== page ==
Fall 2006 Issue

ANTENNAS

Connecting the Radio to the Sky The Big Opportunity

By Kent Britain, WA5VJB

Photo 1. The 1840-foot broadcast tower.

Photo 2. The other end of the 1750 feet of transmission line.

It was one of those rare opportunities. The local TV Channel 2 was building a new transmitter site. Yes, analog TV is supposed to go away, but they could economically justify a new transmitter and a new antenna even over just a two-year operating period.

The antenna went up two weeks behind schedule. However, the transmitter was running three months behind schedule. Oh, how horrible. Here was a 12-panel array for 56 MHz at 1631 feet, 1750 feet of 41/2-inch feedline with .875 dB of loss at 55.125 MHz, and nothing connected to it. It also didnít hurt that the Director of Engineering for the network is N5UUE. He was kind enough to supply the 41/2-inch hardline to Type N adapter. I donít have many of those in my junk box. Somehow I feel like I should do penance. Adapting hardline like that to a PL-259 connector for 6 meters is just plain wrong.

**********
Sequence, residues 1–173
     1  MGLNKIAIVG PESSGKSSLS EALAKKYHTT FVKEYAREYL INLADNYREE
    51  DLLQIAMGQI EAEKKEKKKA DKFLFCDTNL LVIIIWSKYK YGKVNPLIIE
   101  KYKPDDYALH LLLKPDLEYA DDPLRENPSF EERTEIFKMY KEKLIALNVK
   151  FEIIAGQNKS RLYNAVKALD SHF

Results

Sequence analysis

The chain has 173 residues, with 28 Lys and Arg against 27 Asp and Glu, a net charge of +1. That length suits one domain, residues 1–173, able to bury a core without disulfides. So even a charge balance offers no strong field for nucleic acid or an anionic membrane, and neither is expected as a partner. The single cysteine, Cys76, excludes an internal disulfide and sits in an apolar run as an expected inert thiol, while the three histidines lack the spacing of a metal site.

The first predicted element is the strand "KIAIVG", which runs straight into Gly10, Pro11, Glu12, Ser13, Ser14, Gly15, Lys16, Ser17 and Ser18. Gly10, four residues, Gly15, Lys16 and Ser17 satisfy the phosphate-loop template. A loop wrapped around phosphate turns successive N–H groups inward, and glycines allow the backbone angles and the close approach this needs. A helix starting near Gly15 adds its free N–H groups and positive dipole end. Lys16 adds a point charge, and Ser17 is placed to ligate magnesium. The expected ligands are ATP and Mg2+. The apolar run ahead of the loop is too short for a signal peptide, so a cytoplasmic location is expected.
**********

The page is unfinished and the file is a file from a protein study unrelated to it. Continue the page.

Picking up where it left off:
Using the Big Antenna
Using a broadcast antenna on the ham bands is not that easy and can easily bring along with it some expensive learning experiences.

Rule 1: Never connect your rig directly to the feedline! Youíll fry it! At one location we measured nearly 20 watts coming back down that coax. In our case there are over 50 TV transmitters and over 30 FM stations within a mile or so. Weíre talking a couple of megawatts here, and the antenna was picking up 20 of those watts! Connect a rig to the coax without a good filter, and say goodbye to those front-end parts.

Rule 2: Good filters. For 6 meters I was able to use a Drake 6-meter low-pass filter. It was marginal, but kept the front end of my IC-706 Mark II from smoking. The old TV Channel 2 is still putting out full power about a mile away, and signal levels were incredible. Even with the Drake filter, the noise floor was S5 to S7 on 6 meters. As I tuned up the band, the noise level increased. With the help of WB5KGL, weíve whipped up some new filters. At TV Channel 2, the skirts are now over 70 dB down, the limits of my test equipment. I hope itís enough, and we will be trying them out shortly, but I had to finish this column first!

Cavity Filters

On 144.2 MHz and 432.1 MHz, I used 144- and 450-MHz FM passband cavity filters from repeater diplexers. They worked great and the noise was way down compared to 6 meters. On 2 meters the noise floor was S1 to S2; on 432 MHz the noise floor was S0. The quest continues. I have a lead on a 50-MHz passband cavity filter and hope to give one a try soon. Even so, I am still scrounging. We also plan to test 222.1 MHz in the near future.
 

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